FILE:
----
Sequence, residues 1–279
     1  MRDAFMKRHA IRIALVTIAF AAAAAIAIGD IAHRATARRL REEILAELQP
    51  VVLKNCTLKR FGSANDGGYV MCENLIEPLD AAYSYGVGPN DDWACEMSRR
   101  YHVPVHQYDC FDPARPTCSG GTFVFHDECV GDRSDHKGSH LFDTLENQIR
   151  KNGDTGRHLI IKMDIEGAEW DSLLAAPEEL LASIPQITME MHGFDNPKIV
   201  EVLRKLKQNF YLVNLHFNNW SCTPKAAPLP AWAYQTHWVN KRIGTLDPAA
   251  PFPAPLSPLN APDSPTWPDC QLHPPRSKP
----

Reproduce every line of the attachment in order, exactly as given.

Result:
Sequence, residues 1–279
     1  MRDAFMKRHA IRIALVTIAF AAAAAIAIGD IAHRATARRL REEILAELQP
    51  VVLKNCTLKR FGSANDGGYV MCENLIEPLD AAYSYGVGPN DDWACEMSRR
   101  YHVPVHQYDC FDPARPTCSG GTFVFHDECV GDRSDHKGSH LFDTLENQIR
   151  KNGDTGRHLI IKMDIEGAEW DSLLAAPEEL LASIPQITME MHGFDNPKIV
   201  EVLRKLKQNF YLVNLHFNNW SCTPKAAPLP AWAYQTHWVN KRIGTLDPAA
   251  PFPAPLSPLN APDSPTWPDC QLHPPRSKP